10% of cattle on family farm killed by lightning strike

·1 min read

WARNING: This article contains a photo of the animals impacted by the storm. While not explicit in nature, some readers may find the image disturbing.

Eight heifers - 10 per cent of the 80 cows on a family beef farm - were killed by lightning in central Maine last week, the Bangor Daily News (BDN) reports.

John Fortin of Fortin Farm says the storm rolled in Saturday evening as he was wrapping up for the day when a neighbour called to report lightning struck a tree where eight of his cows had gathered to shelter.

Upon inspection, Fortin found they had been electrocuted and killed.

Fortin Farm
Fortin Farm

A photo of the cows. (Fortin Farm/GoFundMe)

The cows were about two years old and ready to start breeding. Fortin told BDN each one was worth an estimated $1,500, but could have brought in up to $2,500 when sold as beef - but the cost is "exponential", BDN says, because each cow could have potentially produced one calf a year for up to a decade.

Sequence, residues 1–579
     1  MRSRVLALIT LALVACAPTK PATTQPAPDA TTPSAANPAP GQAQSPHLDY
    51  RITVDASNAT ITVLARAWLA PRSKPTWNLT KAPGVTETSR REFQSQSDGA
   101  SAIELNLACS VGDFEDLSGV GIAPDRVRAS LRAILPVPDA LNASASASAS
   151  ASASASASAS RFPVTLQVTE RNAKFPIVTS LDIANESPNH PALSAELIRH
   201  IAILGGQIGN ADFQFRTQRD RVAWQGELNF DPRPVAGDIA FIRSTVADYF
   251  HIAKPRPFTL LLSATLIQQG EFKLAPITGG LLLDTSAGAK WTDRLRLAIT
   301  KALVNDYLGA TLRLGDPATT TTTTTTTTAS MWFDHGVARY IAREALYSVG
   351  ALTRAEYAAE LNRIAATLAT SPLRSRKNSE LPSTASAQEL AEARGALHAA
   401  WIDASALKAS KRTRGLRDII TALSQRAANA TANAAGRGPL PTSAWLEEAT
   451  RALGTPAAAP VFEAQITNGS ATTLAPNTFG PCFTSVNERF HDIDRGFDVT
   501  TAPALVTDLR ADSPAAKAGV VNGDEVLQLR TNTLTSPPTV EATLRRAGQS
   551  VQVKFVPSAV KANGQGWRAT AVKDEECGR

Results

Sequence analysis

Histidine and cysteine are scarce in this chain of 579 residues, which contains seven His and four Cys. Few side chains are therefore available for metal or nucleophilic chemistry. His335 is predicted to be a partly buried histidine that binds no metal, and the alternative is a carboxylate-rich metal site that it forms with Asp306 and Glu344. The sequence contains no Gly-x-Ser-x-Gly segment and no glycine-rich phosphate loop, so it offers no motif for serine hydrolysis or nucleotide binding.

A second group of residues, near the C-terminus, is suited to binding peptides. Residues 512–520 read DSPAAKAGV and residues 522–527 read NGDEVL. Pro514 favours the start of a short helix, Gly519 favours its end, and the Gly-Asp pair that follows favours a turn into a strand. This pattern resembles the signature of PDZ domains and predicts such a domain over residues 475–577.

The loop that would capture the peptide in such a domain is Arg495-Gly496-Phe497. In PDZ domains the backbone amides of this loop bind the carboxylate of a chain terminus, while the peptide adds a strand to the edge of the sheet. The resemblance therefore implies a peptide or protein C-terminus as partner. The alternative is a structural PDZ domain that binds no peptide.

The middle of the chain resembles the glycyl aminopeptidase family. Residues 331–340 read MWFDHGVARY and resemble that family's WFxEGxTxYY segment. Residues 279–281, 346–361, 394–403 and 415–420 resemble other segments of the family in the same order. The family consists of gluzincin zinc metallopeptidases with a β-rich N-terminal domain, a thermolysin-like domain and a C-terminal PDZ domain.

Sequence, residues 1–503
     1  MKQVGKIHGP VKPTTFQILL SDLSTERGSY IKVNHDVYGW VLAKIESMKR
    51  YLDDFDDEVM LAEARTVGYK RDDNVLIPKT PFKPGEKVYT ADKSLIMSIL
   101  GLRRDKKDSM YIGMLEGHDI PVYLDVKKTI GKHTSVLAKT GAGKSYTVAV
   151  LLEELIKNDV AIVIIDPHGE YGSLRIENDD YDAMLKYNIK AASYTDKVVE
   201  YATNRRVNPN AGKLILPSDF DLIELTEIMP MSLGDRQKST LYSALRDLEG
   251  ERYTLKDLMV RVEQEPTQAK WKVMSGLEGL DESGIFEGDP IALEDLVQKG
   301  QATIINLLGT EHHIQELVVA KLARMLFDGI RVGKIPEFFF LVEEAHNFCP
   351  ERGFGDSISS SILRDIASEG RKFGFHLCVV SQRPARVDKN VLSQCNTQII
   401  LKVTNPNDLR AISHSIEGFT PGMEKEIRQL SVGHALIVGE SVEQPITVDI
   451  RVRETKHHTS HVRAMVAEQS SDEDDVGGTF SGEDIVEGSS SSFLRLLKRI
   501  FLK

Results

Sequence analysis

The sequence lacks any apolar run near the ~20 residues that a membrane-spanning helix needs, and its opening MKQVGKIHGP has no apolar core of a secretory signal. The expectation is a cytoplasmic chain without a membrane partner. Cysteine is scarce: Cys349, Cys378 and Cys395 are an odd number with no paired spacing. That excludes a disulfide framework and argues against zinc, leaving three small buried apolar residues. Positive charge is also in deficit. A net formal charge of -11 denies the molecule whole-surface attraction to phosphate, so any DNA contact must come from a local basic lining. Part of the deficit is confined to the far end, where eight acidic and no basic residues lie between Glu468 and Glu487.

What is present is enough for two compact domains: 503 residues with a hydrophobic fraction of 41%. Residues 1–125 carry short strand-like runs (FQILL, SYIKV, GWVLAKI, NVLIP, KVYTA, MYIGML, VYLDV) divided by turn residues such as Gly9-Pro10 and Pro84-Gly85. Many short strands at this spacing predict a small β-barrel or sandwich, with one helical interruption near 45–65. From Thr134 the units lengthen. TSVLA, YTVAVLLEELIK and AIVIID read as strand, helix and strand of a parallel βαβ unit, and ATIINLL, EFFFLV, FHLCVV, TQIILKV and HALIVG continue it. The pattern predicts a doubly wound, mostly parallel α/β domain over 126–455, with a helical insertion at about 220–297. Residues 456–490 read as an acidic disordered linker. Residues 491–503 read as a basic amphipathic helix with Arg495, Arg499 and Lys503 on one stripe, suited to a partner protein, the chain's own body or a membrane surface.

A GoFundMe was set up to help replace the animals. While Fortin has livestock insurance his policy won't cover replacements, BDN says.

The fundraising goal was met in less than two days.

Fortin Farm is located in central Maine and has been raising cattle since the 1900s. The family organization spans four generations.

It's not uncommon for livestock to be killed by lightning strikes, due to the outdoor nature of their enclosures. The U.S. Department of Agriculture estimates that lightning is responsible for up 80 per cent of all accidental livestock deaths.

Thumbnail: stylized image created by Cheryl Santa Maria. Image source: Klaus Hollederer/Pexels.

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